In 1929, the first neon sign in Poland went up in Warsaw. Popular from the start, the earliest neon signs were made to order—free in design, shape, and color, and significantly influencing other forms of advertising like poster design and typography. When the Communist regime gained power after World War II, it took a controlled interest in the medium of neon, going so far as to create Reklama, a state-run company for advertising services that held a monopoly on exterior advertising throughout Poland. Designed and built by prominent architects, graphic designers, and artists and overseen by a chief graphic designer, Polish neon signage was renowned for its outstanding technical and artistic qualities. During its peak, Reklama maintained over 1,000 neon signs, whose playfulness and folly stood out in the otherwise dark and oppressed Poland, ornamenting otherwise drab cities and towns. Today, most of the neon signs are gone, too expensive and fragile to maintain; belonging to no one, all that remains of them are their ghostly weathered "shadows."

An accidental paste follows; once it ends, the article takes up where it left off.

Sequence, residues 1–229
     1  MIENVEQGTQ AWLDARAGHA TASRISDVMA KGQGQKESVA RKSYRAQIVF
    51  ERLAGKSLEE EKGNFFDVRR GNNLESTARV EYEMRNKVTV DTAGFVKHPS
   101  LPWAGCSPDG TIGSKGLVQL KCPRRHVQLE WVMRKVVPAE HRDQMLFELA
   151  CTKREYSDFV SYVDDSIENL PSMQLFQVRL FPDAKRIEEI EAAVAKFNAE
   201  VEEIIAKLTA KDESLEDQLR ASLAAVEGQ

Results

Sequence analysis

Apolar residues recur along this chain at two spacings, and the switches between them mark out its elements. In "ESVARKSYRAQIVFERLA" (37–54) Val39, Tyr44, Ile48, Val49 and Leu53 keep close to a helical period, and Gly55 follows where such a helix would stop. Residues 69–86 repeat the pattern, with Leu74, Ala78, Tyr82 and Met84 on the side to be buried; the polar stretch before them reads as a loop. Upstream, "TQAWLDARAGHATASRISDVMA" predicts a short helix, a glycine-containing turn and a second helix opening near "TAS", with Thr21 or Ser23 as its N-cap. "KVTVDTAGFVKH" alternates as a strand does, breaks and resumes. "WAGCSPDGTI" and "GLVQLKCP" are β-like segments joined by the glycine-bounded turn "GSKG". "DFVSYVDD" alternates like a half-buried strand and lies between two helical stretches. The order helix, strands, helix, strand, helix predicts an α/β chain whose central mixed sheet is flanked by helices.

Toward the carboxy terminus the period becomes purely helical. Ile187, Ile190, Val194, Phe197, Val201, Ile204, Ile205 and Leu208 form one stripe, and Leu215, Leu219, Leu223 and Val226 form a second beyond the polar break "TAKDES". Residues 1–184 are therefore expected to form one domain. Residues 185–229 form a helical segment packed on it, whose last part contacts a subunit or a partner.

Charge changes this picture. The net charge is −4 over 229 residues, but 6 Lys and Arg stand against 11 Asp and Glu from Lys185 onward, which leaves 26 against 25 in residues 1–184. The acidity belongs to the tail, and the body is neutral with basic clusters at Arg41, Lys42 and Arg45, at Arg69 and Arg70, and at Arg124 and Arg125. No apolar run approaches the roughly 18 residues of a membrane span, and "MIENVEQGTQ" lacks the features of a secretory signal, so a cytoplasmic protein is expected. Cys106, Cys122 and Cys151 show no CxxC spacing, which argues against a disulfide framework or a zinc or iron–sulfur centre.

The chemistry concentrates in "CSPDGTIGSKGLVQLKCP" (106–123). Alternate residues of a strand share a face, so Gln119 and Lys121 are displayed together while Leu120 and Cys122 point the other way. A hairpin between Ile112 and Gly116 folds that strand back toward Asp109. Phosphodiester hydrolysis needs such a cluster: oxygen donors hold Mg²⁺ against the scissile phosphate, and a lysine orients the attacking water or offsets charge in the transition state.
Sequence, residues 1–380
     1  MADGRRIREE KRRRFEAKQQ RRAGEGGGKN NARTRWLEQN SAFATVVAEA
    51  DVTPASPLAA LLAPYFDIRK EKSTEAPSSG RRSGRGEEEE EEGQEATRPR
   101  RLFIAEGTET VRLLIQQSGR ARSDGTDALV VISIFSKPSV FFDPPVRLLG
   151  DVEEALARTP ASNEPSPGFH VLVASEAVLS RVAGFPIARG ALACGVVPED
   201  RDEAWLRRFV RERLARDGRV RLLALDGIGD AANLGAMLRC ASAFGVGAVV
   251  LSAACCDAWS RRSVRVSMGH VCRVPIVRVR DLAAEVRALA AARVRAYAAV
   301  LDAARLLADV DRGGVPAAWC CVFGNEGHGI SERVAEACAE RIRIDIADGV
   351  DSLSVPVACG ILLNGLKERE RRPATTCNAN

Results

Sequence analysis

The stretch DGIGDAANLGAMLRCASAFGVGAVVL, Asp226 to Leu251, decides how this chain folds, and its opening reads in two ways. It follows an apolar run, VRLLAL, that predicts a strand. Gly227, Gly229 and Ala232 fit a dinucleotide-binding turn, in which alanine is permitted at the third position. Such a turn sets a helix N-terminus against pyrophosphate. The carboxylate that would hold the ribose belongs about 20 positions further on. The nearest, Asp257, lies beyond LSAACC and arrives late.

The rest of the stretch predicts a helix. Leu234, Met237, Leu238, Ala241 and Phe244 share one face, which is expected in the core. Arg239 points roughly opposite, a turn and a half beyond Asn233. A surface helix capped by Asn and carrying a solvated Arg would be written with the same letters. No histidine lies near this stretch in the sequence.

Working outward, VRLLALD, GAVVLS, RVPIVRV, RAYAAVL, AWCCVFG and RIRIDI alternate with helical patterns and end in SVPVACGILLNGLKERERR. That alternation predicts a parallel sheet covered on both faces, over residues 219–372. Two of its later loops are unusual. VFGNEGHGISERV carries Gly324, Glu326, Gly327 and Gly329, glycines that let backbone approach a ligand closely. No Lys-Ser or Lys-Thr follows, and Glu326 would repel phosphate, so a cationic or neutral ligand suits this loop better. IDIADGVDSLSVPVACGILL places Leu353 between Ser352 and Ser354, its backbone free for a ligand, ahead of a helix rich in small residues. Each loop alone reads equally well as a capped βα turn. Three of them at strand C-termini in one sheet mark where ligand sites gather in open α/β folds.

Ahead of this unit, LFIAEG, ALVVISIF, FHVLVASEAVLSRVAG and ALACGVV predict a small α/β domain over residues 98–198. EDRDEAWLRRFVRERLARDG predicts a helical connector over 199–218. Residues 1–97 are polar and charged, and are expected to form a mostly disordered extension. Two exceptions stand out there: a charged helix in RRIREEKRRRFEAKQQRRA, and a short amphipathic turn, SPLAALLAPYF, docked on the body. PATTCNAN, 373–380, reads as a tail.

Polish Neon: Cold War Typography and Design tells the fascinating story of neon in Poland by preserving and celebrating the remnants of this rich and influential history. Comprising archival and contemporary photographs of these mesmerizing signs, as well as original designs and interviews with the designers, this book reveals an untold story of Poland and how a communist bureaucracy helped shape the future of graphic design and typography.
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